A holy Space for God (with text!)

  • Posted on Mar 17, 2011

The Passover of the Jews was near, and Jesus went up to Jerusalem. In the temple he found people selling cattle, sheep, and doves, and the money changers seated at their tables. making a whip of cords, he drove all of them out of the temple, both the sheep and the cattle. He also poured out the coins of the money changers and overturned their tables. He told those who were selling the doves, “Take these things out of here! Stop making my Father’s house a marketplace!” His disciples remembered that it was written, “Zeal for your house will consume me.” John 2:13-17

On Tuesday evening, we gathered in the Memorial chapel to say Evening Prayer before our Lenten supper and program. The topic for the evening was how we worship in our Memorial space. The lectionary appointed for the daily office was the Gospel passage above—Jesus cleaning the temple. It is amazing how the daily and Sunday lectionary can so clearly speak to our daily lives. It was as if God had handpicked the passage for Tuesday night!

Worship is the heart of who we are as Episcopalians. Our Book of Common Prayers centers our worship in the Eucharist each Sunday and in the daily office during the week. Some of us take in another Eucharist mid-week. The space that we use to worship is critical to our worship experience. Liturgical theologian William Seth Adams in his book Moving The Furniture talks about four characteristics of good worship space: (1) Worship Space as comfort, safety and security. A sense that our worship space brings us home to God. I felt this so vividly on the day of September 11, 2001, when we gathered in the chapel to say the Great Litany at Noonday and for Eucharist that evening. (2) Worship space as the ground of our identity as God’s people. We find what it is to follow Jesus as Lord in our worship space. (3) Worship Space as a place for movement of bodies in praise and prayer. The worship space should allow us to stand and sing in praise, to kneel in prayer and to walk to the altar rail to receive the Body and Blood of our Lord Jesus Christ, (4) The worship space should give us some tangible sense of the Kingdom of God that is being built right before our very eyes. On Tuesday night, we pondered how the Memorial worship space brought us close to God and one another through these four lenses.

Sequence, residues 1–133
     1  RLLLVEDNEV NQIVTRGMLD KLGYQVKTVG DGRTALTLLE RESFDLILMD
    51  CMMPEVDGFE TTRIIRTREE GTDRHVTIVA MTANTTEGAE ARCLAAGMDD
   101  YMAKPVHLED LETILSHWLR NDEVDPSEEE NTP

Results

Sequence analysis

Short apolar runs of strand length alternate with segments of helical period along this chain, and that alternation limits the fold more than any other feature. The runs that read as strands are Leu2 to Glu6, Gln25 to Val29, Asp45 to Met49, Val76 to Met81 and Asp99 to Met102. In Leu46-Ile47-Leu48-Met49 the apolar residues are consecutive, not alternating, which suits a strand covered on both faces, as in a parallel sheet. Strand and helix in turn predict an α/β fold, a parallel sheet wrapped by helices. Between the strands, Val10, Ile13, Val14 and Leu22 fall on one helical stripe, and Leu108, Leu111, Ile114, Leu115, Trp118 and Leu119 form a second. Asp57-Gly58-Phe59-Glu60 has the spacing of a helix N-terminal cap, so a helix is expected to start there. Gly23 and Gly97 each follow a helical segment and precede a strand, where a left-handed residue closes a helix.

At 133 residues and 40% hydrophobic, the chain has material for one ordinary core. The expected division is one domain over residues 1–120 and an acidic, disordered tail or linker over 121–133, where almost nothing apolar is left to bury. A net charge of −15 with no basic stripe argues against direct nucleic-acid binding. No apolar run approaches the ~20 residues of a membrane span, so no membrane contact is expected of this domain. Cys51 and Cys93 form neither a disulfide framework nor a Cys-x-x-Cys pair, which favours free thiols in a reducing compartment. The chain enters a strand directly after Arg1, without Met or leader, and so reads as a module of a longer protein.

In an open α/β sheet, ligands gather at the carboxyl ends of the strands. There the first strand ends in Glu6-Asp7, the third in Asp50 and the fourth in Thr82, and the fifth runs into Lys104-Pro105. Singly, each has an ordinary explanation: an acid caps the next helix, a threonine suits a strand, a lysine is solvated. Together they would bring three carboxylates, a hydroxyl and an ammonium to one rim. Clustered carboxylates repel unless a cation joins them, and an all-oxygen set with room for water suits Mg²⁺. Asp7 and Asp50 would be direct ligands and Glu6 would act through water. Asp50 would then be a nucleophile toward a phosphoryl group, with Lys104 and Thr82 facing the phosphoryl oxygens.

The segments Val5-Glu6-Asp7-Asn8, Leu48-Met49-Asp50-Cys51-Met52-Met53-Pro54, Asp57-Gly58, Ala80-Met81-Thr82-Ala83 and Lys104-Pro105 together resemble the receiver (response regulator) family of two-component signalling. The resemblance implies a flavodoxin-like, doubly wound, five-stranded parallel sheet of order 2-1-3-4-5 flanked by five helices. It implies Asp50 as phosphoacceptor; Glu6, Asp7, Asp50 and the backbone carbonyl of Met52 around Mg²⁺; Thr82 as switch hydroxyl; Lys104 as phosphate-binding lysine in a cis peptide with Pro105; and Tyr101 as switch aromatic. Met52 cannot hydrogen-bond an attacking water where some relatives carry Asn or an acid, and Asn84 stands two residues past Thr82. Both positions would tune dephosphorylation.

We also talked about what ONE ELEMENT was crucial to our experience of worship at Memorial. The majority of us gathered said the altar. Not the historic stone altar, but the wooden free-standing altar. This was a central focus for most of us. If it was moved out of place, we felt as if our very security and comfort was missing. What does this mean for all the ministries that take place in our worship space that do not involve the altar? What does it mean to move the central focus of worship, even if we put it back for Sunday worship? Our conversation continues. What is the most important element of your worship space for you?

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